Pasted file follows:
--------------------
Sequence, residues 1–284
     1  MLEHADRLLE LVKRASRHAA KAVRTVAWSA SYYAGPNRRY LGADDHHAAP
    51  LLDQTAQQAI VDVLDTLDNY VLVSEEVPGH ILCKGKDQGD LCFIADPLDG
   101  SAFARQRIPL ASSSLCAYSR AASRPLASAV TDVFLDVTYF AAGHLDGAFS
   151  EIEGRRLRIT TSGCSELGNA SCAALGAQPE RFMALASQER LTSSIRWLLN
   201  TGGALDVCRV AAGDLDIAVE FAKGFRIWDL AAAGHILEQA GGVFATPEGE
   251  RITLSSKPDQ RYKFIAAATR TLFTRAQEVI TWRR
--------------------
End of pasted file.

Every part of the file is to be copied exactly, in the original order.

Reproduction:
Sequence, residues 1–284
     1  MLEHADRLLE LVKRASRHAA KAVRTVAWSA SYYAGPNRRY LGADDHHAAP
    51  LLDQTAQQAI VDVLDTLDNY VLVSEEVPGH ILCKGKDQGD LCFIADPLDG
   101  SAFARQRIPL ASSSLCAYSR AASRPLASAV TDVFLDVTYF AAGHLDGAFS
   151  EIEGRRLRIT TSGCSELGNA SCAALGAQPE RFMALASQER LTSSIRWLLN
   201  TGGALDVCRV AAGDLDIAVE FAKGFRIWDL AAAGHILEQA GGVFATPEGE
   251  RITLSSKPDQ RYKFIAAATR TLFTRAQEVI TWRR